Furon breaks the silence

For most of us, from the time we are born until the time we die, our worlds are flooded with sound. Sounds in the form of speech encourage us to speak our first words, read our first books, or write our first sentence. For others, sounds come merely as a trickle, interrupting early language development and isolating them from the mainstream world.

That's where Lois Furon comes in. For over 30 years, Furon has broken the silence for hearing impaired youngsters by teaching them sign language, reading and speech skills and immersing them in rich experiences which naturally encourage them to express themselves.

In one of her recent classes Furon reached into a cage and placed in front of her students a small hedgehog and a container of worms.

"I want to hold it!" 10-year-old Ashley Douglas signs assertively to classmates. Vance Dutcher, 9, strokes its small quills as he guides the animal toward another mealworm.

"He ate it!" Dutcher returns with a flurry of sign language as hedgehog, Petri, gobbles yet another small worm.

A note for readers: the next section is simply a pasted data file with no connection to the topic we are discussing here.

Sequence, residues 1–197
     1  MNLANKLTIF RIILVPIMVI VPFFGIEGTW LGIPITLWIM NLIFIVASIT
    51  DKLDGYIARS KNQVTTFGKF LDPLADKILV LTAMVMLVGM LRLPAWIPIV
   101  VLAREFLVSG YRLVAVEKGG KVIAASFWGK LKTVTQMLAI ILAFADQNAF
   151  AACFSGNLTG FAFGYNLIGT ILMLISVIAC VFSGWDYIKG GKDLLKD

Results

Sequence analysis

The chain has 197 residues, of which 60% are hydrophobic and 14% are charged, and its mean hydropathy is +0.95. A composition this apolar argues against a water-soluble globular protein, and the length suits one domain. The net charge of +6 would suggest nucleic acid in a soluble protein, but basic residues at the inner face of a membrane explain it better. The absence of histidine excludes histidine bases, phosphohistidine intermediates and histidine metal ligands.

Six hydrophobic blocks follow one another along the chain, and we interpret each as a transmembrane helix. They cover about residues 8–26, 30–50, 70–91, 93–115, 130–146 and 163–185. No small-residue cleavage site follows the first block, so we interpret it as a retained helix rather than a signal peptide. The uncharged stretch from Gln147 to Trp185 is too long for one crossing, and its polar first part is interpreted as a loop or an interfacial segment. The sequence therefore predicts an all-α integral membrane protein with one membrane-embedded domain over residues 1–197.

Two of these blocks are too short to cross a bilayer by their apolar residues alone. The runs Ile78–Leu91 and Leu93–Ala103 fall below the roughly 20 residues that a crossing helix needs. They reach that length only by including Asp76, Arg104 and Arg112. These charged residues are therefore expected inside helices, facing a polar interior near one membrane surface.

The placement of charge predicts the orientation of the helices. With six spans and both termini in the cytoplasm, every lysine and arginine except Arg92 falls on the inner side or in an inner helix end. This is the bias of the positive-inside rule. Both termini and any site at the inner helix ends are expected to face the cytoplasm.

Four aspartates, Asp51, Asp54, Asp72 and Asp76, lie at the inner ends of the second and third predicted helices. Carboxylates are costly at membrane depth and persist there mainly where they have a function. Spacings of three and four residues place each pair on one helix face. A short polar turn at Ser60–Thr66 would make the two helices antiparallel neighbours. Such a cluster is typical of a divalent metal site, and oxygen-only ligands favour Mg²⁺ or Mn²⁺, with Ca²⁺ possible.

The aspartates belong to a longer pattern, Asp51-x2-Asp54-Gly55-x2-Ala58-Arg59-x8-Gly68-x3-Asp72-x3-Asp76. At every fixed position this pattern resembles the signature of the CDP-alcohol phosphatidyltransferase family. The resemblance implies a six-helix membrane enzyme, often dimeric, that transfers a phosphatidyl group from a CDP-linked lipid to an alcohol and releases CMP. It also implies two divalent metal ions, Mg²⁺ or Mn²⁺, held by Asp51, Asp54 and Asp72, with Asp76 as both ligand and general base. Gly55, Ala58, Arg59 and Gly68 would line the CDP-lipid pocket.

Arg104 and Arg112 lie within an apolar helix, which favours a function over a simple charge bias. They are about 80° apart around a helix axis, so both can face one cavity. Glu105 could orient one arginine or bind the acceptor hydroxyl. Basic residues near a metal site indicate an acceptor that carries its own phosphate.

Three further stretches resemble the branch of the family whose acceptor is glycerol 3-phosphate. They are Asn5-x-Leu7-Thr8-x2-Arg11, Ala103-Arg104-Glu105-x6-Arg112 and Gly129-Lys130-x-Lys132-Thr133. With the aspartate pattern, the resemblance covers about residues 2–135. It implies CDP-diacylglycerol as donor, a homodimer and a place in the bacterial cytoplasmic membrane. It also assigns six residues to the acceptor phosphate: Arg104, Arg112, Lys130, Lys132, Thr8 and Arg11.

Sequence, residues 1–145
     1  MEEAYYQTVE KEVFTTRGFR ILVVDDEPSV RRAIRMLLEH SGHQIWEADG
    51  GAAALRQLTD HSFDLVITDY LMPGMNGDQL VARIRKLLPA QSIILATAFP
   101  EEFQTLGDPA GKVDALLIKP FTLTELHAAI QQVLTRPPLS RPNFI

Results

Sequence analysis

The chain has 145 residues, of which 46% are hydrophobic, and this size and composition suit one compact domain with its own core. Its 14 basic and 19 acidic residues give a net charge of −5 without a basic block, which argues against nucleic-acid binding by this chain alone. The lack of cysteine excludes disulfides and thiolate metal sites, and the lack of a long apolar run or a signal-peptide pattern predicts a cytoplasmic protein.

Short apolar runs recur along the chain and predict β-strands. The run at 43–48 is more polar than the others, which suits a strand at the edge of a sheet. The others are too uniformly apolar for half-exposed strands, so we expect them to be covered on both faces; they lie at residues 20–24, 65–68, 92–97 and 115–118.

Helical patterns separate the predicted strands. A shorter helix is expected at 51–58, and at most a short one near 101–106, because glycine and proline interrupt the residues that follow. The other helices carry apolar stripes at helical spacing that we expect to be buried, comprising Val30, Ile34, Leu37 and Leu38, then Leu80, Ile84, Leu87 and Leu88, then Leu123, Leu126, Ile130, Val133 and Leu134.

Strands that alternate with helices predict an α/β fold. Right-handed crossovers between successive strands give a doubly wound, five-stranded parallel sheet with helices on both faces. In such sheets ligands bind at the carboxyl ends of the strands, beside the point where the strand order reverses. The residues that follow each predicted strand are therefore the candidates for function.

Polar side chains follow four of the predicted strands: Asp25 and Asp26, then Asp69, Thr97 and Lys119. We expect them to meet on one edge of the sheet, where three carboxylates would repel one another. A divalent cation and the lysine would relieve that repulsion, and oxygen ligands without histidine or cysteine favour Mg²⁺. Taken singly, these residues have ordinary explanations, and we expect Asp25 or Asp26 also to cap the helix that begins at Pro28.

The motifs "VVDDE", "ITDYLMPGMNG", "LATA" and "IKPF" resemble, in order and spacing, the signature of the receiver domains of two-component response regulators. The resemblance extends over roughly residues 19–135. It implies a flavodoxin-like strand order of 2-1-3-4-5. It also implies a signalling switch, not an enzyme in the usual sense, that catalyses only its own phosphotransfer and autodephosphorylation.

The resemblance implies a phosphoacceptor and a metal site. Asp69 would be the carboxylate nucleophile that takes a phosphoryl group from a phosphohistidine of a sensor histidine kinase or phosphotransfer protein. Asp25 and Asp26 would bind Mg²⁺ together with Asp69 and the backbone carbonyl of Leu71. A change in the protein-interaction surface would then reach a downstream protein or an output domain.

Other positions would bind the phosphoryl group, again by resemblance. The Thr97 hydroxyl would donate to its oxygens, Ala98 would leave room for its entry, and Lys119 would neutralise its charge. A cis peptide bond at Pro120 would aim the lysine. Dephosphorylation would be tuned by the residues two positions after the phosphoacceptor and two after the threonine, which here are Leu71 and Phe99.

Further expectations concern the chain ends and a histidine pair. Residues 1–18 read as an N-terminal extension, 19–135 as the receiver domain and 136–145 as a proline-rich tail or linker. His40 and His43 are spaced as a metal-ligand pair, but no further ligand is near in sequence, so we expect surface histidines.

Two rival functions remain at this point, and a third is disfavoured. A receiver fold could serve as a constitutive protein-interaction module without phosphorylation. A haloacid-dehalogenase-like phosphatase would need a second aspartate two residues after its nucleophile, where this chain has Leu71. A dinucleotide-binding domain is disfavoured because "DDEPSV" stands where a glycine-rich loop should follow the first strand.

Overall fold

"We truly encourage speech and language through the the excitement and involvement of the activity," Furon says of the hedgehog experience.

She explains that due to the nature of hearing impairment, students are less familiar with many terms and concepts of everyday life.

For example, the meaning of words and concepts like impossible, courage, good sense and caution are all part of a book the class is reading, yet take a fair measure of sign language and interpretation to clarify their meaning.

Near the end of their session, the students gathered around a small oven while the smell of vanilla wafted through the air.

Furon pulled out a bowl of rice pudding, a dish they had prepared earlier and a favorite food of one of their reading characters. In addition, it was a food they had never tasted. Carlos Cordova scooped up the last of his pudding, nodded, and gave the universal sign, a thumbs up.

"I always feel so lucky," Furon explains just after the bell rang and the students leaped for the door.

"I've been doing this for so long and each and every day there's that "Aha!" moment, each day a new breakthrough."


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